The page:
Your Home’s Heat Load and How It Is Calculated

April 3rd, 2014

A crucial part of the process of installing a new heating system in a home is determining the home’s heat load. A heat load is the amount of heat per a unit of time that a building (in this case, a private home) needs to maintain a specified temperature (in this case, the residents’ comfort level).

Finding the accurate heat load requires trained technicians to perform a heat load calculation; this involves collecting a large amount of data about different aspects of the house, many of which you probably haven’t even considered. We’ll examine how heating and cooling professionals assess the heat load of your home so they can recommend the right size and type of heating in New City, NY to make you comfortable.

Call Design Air Inc, where we have load calculation experts who take their work above and beyond customer expectations.

The elements of a heat load calculation

  • House size: Determining the space that the new heater must warm up involves more than basic square footage. The heat load calculation takes into account the volume of the rooms as well.
  • Insulation: How well the insulation in the walls and the attic traps heat is critical to knowing how much heating a house requires. Technicians pay special attention to the attic, since heat rises and escapes speediest through a home’s attic if it lacks sufficient thermal barriers.
  • Heat gain from appliances: Any heat-generating appliance in a home—refrigerator, dishwasher, laundry facilities, computers, televisions—will raise the temperature, as will lights. These will factor into the heat load, usually lowering it.
  • Number of residents: People give off heat as well, and the number of residents inside a house contributes to the heat present.
  • Windows and their placement: Windows bring radiant heat into a home when the sun strikes them. A heat load calculation considers not only the number of windows but also the directions they face so the technicians can tell how much sunlight enters the house.
  • Other areas of heat loss: Aside from checking the insulation, heat load calculations locate spots in a home where heat can escape, such as cracks around outside doors, poorly caulked windows, chimneys with bad dampers, and leaky roofs.
  • Climate conditions: Finally, how much heat a homeowner needs will depend on the typical seasonal temperature lows.

There are even more considerations than these, but this will provide you with an idea of how heat load calculations are carried out. Professionals like our experienced technicians at Design Air Inc can do this job thoroughly and accurately so you’ll end up with the heating in New City, NY that will keep you warm any time of the year.

Reasons to Consider a Standard Wood-Burning Fireplace

March 28th, 2014

Today you have many options for installing a fireplace or freestanding stove in your home. Gas logs inserts, electric fireplaces, and high-efficiency wood-pellet burning stoves are attractive alternatives to the old-fashioned hearth with wood logs stacked on it.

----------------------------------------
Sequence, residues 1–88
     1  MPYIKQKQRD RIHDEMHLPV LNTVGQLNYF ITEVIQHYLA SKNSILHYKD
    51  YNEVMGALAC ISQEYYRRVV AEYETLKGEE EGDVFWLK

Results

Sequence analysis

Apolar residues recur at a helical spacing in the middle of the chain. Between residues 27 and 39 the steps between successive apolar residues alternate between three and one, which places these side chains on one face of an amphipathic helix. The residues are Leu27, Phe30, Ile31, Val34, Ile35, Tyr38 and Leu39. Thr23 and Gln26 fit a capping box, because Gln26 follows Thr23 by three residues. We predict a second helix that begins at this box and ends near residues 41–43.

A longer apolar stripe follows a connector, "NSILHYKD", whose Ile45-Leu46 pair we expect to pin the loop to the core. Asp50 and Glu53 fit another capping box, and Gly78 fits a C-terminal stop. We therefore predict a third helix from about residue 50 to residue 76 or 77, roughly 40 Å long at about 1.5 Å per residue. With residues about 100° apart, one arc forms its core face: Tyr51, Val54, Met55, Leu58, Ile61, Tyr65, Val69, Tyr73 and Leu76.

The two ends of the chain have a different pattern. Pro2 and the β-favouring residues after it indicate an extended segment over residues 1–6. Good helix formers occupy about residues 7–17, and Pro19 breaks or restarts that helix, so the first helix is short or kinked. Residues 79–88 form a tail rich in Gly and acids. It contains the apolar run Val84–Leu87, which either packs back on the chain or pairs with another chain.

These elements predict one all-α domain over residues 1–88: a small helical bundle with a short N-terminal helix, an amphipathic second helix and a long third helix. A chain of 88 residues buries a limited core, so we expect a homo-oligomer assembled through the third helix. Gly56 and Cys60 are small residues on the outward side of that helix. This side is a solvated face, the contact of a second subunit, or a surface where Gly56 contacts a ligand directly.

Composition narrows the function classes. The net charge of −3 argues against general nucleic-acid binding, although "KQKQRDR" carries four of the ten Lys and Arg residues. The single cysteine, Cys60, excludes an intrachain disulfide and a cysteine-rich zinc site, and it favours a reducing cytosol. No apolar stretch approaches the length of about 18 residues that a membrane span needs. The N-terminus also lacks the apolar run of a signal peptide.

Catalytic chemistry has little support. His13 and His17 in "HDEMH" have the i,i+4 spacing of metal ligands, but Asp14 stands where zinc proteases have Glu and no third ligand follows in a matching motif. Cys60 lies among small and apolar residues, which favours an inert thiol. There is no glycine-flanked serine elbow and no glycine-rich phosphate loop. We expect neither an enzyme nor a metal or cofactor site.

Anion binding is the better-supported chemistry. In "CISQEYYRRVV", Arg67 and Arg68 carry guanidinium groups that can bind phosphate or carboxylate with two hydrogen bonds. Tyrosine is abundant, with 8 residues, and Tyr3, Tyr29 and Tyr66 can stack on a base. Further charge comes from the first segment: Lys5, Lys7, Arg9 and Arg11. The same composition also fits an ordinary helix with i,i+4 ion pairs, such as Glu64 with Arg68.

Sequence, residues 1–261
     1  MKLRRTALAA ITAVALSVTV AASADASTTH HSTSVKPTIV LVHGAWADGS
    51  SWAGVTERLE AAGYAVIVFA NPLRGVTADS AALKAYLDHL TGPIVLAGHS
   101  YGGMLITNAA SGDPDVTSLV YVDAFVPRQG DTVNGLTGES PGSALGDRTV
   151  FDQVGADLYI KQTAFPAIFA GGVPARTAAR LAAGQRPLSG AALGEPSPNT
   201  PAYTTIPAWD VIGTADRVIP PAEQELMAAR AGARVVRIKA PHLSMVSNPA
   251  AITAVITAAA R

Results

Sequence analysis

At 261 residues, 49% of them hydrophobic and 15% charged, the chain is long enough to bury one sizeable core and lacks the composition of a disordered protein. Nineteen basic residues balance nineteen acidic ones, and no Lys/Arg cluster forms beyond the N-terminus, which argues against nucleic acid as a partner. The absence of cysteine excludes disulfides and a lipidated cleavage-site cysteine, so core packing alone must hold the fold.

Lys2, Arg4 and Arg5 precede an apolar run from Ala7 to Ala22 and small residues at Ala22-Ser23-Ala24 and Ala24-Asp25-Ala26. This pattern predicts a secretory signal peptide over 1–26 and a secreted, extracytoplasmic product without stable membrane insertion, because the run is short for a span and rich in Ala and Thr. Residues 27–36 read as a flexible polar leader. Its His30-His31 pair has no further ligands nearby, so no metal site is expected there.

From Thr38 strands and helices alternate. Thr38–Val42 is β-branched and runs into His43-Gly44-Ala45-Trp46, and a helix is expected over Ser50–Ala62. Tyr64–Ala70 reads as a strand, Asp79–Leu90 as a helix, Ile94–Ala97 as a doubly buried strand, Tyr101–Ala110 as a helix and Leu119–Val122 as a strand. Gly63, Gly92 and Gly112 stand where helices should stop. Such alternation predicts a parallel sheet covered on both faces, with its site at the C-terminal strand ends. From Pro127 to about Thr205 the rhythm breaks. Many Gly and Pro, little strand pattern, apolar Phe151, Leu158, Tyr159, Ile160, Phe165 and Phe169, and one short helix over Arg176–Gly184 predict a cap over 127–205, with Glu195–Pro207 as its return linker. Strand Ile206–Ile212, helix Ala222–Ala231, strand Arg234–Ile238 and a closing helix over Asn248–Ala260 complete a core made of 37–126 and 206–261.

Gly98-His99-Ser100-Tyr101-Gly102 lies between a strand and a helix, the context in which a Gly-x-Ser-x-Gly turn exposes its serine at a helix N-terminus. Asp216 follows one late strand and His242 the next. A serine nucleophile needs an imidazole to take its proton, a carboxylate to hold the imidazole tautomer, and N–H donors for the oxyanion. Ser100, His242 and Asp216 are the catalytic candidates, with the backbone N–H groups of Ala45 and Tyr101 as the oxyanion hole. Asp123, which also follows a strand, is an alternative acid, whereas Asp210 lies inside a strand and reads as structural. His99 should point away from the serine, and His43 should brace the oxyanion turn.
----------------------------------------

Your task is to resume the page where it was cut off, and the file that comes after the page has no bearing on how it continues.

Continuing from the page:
However, you shouldn’t count out the grand old wood fireplace entirely. The invention of the electric guitar didn’t mean the acoustic guitar vanished, and the same is true for the wood-burning fireplace. If you are considering installing a fireplace in your home, keep the traditional model in mind—it may end up as your best choice.

To find out about all your options for fireplaces in Suffern, NY, call Design Air Inc today. We have a Master Hearth Professional on staff to answer all your questions about fireplace installation.

The Advantages of a Wood-Burning Fireplace

Gas furnaces are convenient and easy to maintain, but there are some places where wood fireplaces come out ahead:

  • Fuel expense: Although natural gas costs less than electricity, oil, or propane, wood is generally less expensive. You also won’t need to rely on utility companies for power, and this is great in case of emergency losses of service during storms.
  • Carbon neutral energy:  Burning wood is better for the environment: it releases the same amount of carbon dioxide into the atmosphere as the tree absorbed itself during growth. Wood is also a renewable resource, unlike fossil fuels, and you’ll help support local industries.
  • Aesthetics: This is a more subjective advantage, of course, but when most people think of cozying up in front of a roaring fire, they’re thinking about a wood fire, not a gas one. Gas fires lack the crack and snap that comes from burning wood logs, and they do not generate the rustic aroma of wood. If you plan to have a fireplace as a major part of your life during winter, it’s perhaps better to bypass the simple “switch it on” ease of a gas fire and opt instead for the original model.

There’s no doubt that a wood-burning fireplace requires extra work on the homeowner’s part compared to the convenience of a gas fire, and they are less efficient at providing heat. Before you decide that you want the beauty of a classic wood hearth in your home, speak to a fireplace specialist to learn about all your available options.